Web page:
Now, founders Renee Geesler and Shana Lancaster are wrapping up a $15,000 Kickstarter campaign that would, among other things, enable them to purchase the equipment they need to take their training program to the next level: everything they need to serve pourover coffee and a portable doughnut fryer that will replace their ad hoc propane stovetop setup, allowing them to ramp up production enough to handle larger events.
[jump] Geesler explained that she and Lancaster both have a background in youth training — Geesler in the arena of broadcast journalism, Lancaster through various arts programs. When the two decided to start a business together, they both wanted it to have a training component — specifically one geared toward young women, whom they felt often get left out of the conversation.
The idea of a pop-up cafe just made sense, especially in the context of Oakland’s widely hailed food boom, which isn’t, on the whole, geared toward a large number of youth in Oakland who might never set foot in any of those restaurants because, as Geesler put it, “it’s just not their world.” Once Geesler and Lancaster came up with their signature food product, the “doughnut kebab” — three mini-doughnuts on a stick — everything else just came together. Currently, Mamacitas Cafe employs five girls, all high school students in Oakland.
As for the pop-up’s menu offerings, the fried-to-order doughnut kebabs are the star attraction, of course. Who doesn’t like a warm doughnut, much less three of them speared on a stick? The doughnuts come with various dipping sauces, and Geesler said she’s hard at work developing new flavors. (Right now she’s playing around with a savory, bacon-dusted version.) The coffee comes courtesy of Oakland-based Red Bay Coffee Roasters, and eventually the pourover setup will allow the girls to brew the coffee to order. Mamacitas also serves lavender-infused soda made by Lancaster.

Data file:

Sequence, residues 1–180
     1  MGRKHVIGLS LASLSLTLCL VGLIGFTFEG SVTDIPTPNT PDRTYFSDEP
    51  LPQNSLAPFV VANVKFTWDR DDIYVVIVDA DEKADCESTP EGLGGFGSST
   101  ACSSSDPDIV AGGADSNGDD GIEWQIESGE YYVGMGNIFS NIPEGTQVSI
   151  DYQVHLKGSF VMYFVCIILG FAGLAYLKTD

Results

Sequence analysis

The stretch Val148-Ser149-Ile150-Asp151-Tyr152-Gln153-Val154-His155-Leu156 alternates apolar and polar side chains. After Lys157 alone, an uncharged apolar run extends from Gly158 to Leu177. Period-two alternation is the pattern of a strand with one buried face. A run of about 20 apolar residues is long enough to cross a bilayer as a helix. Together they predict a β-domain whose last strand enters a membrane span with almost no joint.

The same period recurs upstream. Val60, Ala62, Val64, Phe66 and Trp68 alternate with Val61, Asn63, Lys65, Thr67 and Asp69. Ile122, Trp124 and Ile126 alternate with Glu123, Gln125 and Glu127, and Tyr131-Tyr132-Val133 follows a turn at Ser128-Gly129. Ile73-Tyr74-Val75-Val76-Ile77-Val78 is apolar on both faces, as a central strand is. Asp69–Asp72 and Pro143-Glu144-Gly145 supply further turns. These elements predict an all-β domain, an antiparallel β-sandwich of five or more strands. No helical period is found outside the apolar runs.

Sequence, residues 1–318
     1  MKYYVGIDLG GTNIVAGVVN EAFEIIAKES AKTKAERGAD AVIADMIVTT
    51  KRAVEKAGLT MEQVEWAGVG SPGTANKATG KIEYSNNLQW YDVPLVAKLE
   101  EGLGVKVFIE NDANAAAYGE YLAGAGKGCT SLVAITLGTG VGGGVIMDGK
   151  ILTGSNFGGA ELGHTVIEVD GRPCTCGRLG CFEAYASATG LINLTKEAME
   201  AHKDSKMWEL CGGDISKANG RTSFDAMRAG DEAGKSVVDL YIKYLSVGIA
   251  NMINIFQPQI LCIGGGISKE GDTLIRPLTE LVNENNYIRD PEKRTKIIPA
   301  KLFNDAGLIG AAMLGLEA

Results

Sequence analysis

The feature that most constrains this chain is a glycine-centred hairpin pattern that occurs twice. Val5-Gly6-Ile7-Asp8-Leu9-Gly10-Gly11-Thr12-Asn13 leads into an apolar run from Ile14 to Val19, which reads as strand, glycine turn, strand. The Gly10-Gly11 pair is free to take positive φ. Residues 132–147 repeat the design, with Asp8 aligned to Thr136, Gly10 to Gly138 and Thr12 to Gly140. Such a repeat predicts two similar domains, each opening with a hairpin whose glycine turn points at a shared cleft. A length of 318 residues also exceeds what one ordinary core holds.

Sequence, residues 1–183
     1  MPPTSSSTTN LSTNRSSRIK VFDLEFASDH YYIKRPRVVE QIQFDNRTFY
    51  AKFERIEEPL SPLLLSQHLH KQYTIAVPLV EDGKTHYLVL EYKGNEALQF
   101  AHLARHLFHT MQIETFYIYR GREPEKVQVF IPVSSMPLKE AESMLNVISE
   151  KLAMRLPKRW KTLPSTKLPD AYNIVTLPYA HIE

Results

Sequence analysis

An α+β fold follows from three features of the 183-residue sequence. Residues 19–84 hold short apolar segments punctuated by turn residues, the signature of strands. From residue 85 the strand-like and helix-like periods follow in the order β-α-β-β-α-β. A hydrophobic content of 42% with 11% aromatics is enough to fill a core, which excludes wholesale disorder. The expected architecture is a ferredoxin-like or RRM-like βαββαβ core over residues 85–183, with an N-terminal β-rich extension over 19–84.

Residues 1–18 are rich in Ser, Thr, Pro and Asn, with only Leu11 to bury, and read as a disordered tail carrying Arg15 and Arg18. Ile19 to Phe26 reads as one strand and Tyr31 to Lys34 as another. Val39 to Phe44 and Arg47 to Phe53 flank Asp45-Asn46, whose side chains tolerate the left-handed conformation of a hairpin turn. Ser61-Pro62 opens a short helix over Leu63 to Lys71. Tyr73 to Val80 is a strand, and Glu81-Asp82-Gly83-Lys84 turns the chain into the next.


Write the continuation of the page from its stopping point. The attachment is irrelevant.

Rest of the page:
For now, Geesler and Lancaster handle all of the prep and cooking — the girls assemble and serve the food once it’s ready and handle the money. But eventually the girls should be able to handle every part of the operation themselves, Geesler said. “We want to empower the trainees to be the bosses.”
That said, Geesler stressed that the point isn’t to train young women to be future members of the service industry. Once the training component of Mamacitas becomes more formalized, the girls will take classes on everything from basic entrepreneurship skills to conflict resolution to how to balance your books.
“A lot of it goes beyond just the skills of how to do pourover coffee,” Geesler explained. “We want to push them towards something bigger for themselves.”
If all goes well, the Kickstarter campaign will be the first step toward Geesler and Lancaster realizing their eventual dream: a brick-and-mortar cafe with enough space for a classroom to house the next iteration of the Mamacitas training program.
For those who’d like to offer support beyond the crowdfunding campaign, or who just think doughnut kebabs sound delicious, the next Mamacitas Cafe pop-up will be at Saturday’s Life Is Living festival, from 10 a.m. to 8 p.m., at West Oakland’s DeFremery Park (1651 Adeline St.). After that, they’ll do a First Friday pop-up on November 7, outside of Impact Hub (2323 Broadway, Oakland). Hopefully, Geesler said, the latter event will double as a thank you party to celebrate their successful campaign.